I have a chronic illness. What's more, it's not a trendy chronic illness like cystic fibrosis or MS, it's not pretty... in fact, it is largely an unspeakable disease. People don't like talking about the symptoms, or the diagnostic procedures (one of my friends, a so-called medical professional, has said "eeeeeeuuuuuwwwww" about one of the procedures I have had to have, despite the fact he invades women's private parts everyday, because "you get a better picture that way". Um... Yeah). And this disease occurs in an area of the body that is hard to see or indeed visualize in any way. Because the disease is not trendy(and that is another rant all in and of itself), there is not a whole lot of research funding in it, so the unpleasant diagnostic procedures are still used.

What, you may ask, does this have to do with 'House'? Well, the lead character, the eponymous House, epitomizes all that is wrong with the medical profession. He is willing to treat without adequately diagnosing, and he is willing to subject patients to unpleasant tests on a hunch or a whim. However, the thing that is the most wrong about House is that he gives nary a damn for the patient; all he is concerned with is the diseases the patients carry. It is under the illusion that you can treat the disease without taking the patient's humanity into the equation that can allow him to make the callous and often ego-driven decisions portrayed on the show. The real danger of this is not that the show will inspire medical professionals to behave like House (many of them already do), but that the show will lead patients to believe that this is an acceptable way for doctors to treat them.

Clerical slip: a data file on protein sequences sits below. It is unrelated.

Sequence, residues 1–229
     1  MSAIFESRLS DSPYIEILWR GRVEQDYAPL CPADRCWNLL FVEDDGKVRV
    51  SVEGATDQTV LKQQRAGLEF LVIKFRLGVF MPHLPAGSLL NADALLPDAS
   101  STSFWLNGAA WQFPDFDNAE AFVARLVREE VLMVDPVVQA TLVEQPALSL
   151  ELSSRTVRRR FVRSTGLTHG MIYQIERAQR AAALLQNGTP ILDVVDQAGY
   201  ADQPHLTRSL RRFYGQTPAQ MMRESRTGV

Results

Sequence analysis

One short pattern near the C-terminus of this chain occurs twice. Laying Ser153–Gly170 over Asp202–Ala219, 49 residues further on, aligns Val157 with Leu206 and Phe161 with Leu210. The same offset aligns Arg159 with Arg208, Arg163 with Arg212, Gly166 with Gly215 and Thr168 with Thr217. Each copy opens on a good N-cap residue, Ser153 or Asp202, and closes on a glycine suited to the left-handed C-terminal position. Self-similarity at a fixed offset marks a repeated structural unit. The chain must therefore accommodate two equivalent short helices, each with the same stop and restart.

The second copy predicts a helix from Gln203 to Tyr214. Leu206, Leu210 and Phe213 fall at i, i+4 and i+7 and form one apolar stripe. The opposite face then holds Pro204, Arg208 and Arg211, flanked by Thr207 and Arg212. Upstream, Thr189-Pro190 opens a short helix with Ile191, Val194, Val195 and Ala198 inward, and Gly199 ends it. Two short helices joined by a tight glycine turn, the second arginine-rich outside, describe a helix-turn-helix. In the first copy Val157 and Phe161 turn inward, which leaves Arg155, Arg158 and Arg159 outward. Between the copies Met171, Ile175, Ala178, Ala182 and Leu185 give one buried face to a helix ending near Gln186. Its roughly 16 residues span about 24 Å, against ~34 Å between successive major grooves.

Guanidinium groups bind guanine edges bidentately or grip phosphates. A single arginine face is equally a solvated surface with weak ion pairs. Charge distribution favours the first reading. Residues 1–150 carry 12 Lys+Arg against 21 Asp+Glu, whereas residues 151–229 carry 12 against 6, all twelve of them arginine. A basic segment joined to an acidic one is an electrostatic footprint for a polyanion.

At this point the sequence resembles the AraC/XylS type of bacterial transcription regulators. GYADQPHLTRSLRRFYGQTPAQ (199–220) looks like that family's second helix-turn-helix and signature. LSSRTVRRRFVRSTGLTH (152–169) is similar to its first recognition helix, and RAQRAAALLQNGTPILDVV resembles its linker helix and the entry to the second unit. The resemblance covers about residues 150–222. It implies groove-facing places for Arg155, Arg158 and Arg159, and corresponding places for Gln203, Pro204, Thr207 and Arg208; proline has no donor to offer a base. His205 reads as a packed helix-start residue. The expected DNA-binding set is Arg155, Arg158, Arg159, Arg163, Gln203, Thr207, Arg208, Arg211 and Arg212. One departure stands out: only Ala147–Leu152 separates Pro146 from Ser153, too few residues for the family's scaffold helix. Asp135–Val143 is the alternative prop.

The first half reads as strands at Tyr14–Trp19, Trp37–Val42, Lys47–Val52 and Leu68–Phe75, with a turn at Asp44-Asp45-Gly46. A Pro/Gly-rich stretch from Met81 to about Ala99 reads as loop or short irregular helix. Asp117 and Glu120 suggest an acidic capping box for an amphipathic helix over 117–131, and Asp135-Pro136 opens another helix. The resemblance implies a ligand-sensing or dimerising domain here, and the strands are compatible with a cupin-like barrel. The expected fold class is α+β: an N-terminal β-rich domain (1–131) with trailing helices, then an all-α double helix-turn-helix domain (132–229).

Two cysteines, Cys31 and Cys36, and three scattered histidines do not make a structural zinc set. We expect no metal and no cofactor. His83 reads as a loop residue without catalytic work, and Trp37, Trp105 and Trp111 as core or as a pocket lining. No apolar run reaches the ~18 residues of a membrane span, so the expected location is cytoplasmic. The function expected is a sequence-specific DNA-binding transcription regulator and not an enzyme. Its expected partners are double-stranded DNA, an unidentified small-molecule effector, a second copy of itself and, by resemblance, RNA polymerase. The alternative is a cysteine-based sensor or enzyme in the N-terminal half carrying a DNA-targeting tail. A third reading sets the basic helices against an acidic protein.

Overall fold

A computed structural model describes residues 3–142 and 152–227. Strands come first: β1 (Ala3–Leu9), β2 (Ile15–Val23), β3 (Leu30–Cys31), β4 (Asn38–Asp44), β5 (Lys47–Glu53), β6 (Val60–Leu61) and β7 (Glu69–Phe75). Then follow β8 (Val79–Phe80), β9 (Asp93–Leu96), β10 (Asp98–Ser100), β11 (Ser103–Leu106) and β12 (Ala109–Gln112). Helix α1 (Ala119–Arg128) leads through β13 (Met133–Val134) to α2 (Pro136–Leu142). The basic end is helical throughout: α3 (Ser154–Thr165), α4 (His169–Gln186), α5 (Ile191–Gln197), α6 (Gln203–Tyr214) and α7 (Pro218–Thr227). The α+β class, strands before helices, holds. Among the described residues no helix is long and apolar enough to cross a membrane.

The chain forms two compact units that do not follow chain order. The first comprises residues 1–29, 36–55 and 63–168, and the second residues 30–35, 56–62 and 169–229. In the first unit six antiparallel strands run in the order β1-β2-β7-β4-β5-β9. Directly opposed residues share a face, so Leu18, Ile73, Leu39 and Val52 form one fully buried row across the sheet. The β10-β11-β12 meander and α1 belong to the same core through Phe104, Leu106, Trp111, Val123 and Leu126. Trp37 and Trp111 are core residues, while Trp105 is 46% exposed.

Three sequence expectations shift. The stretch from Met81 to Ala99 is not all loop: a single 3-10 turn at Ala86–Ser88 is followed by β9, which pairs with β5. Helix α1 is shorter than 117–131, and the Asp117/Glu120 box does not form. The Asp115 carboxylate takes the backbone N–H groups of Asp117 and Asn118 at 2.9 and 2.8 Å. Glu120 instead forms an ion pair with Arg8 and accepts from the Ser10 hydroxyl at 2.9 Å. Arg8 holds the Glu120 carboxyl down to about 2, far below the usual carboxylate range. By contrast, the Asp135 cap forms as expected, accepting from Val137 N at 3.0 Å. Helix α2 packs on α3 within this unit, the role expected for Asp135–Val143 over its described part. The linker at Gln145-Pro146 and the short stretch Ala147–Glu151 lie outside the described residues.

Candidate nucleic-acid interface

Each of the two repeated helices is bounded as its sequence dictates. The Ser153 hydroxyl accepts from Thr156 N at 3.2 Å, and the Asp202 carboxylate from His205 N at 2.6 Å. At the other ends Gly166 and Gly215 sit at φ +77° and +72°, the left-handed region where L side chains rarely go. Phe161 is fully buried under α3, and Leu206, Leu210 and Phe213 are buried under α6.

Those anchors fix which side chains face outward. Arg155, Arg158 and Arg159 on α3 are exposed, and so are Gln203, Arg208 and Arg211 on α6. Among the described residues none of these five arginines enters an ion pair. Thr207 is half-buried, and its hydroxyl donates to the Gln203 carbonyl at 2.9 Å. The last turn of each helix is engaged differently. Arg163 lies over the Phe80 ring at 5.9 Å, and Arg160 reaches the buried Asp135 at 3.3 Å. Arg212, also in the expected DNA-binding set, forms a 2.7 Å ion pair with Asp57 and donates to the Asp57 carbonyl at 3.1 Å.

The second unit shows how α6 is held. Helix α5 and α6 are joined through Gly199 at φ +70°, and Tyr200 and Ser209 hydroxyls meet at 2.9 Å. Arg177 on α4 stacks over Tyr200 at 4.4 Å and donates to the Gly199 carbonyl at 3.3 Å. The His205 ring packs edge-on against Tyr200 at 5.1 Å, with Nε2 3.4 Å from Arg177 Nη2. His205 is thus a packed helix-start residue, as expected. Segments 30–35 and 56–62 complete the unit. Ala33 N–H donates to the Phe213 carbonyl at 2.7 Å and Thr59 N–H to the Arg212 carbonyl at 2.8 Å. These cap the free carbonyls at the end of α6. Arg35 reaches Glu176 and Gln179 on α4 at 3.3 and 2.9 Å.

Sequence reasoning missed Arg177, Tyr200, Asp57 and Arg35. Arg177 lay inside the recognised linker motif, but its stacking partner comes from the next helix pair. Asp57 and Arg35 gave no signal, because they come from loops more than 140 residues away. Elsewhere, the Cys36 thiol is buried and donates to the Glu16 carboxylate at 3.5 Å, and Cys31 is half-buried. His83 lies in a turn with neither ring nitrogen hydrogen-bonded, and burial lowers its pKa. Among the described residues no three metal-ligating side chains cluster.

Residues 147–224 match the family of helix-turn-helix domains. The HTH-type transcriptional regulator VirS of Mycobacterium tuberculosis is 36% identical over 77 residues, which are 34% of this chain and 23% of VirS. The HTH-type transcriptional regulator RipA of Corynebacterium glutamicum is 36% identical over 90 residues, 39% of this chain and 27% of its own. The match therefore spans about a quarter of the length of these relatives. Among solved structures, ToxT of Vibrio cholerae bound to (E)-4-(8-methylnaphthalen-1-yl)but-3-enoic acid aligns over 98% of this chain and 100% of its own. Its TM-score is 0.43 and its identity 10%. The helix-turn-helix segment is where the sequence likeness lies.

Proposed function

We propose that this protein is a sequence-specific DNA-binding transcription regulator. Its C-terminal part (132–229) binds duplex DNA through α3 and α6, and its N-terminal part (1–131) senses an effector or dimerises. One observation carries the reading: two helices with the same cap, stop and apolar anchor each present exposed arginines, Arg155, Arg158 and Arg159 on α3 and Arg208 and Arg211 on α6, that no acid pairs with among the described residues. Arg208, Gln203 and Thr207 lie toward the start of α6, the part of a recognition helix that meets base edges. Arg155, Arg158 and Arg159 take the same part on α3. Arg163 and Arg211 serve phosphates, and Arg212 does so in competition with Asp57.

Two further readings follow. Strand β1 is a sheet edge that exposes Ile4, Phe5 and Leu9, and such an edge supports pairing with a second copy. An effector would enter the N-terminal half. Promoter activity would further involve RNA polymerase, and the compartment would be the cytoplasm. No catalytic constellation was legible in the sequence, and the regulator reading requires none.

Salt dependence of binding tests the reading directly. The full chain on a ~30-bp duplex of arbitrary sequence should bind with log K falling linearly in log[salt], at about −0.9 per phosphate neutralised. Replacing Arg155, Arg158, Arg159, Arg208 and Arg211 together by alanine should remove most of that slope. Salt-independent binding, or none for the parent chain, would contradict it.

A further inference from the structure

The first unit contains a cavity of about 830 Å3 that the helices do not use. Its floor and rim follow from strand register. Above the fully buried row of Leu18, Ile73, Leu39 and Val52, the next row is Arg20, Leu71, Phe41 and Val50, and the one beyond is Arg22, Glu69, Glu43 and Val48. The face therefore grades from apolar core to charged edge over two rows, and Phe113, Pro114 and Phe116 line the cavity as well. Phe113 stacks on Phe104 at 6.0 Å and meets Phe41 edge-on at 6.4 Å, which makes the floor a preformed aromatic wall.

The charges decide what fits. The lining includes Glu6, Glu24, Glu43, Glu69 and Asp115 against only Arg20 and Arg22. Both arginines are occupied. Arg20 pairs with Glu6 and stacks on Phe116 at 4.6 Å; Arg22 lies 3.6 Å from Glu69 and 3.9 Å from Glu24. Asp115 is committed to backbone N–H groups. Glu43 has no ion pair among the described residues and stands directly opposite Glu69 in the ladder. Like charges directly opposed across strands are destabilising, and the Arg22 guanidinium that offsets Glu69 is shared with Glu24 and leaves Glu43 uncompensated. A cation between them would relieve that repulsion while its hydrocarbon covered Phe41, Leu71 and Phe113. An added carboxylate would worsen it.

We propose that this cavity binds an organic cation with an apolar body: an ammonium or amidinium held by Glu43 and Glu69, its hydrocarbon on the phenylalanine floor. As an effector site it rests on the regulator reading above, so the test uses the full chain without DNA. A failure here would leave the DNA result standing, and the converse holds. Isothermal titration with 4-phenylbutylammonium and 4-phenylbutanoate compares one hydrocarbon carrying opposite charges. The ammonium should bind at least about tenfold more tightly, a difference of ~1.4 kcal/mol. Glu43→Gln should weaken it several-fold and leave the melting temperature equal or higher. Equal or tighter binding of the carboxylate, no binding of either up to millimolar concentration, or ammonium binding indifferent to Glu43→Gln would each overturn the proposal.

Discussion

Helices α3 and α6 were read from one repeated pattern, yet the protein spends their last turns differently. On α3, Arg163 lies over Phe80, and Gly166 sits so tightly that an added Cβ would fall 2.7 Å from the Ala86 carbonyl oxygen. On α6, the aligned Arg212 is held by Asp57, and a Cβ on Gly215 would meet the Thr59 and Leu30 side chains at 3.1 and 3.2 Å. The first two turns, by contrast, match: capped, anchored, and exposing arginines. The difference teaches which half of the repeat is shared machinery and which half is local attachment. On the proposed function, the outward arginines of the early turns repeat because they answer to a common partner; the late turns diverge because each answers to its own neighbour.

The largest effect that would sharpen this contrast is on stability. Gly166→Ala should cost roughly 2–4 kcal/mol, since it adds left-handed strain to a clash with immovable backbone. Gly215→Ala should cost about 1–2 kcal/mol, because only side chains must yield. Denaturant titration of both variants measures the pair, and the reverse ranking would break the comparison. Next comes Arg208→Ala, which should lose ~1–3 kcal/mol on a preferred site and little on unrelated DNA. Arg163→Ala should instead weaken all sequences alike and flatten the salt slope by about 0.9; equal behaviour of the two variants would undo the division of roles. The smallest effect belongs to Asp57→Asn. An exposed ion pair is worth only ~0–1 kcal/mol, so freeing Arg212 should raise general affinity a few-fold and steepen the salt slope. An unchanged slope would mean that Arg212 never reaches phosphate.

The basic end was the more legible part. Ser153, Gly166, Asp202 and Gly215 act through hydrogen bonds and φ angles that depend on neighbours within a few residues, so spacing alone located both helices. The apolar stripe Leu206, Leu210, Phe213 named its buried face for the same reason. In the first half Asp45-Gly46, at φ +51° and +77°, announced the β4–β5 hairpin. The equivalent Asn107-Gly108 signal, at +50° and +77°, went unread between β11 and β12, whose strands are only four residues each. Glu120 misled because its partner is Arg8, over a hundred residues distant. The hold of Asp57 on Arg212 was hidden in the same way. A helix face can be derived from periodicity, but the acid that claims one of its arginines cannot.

It is this disconnection of the patient from decision-making capabilities, feelings, or dignity that allows medical professionals to do things like order an enterolcysis (an xray where a tube is passed via the patient's nose into their duodenum while thy are still awake, and their already-damaged bowel is filled to maximum with contrast -- all this without sedation or pain relief) or do a transvaginal scan (saying objection to this is "sentimental") in the name of getting "better pictures". Is it worth entirely sacrificing a patient's comfort, dignity, modesty and privacy so a miniscule amount of further understanding may be gained about their condition? Is it ethical to refuse to do things any other way? Is pain (and it's deliberate infliction by medical professionals) a legitimate diagnostic tool?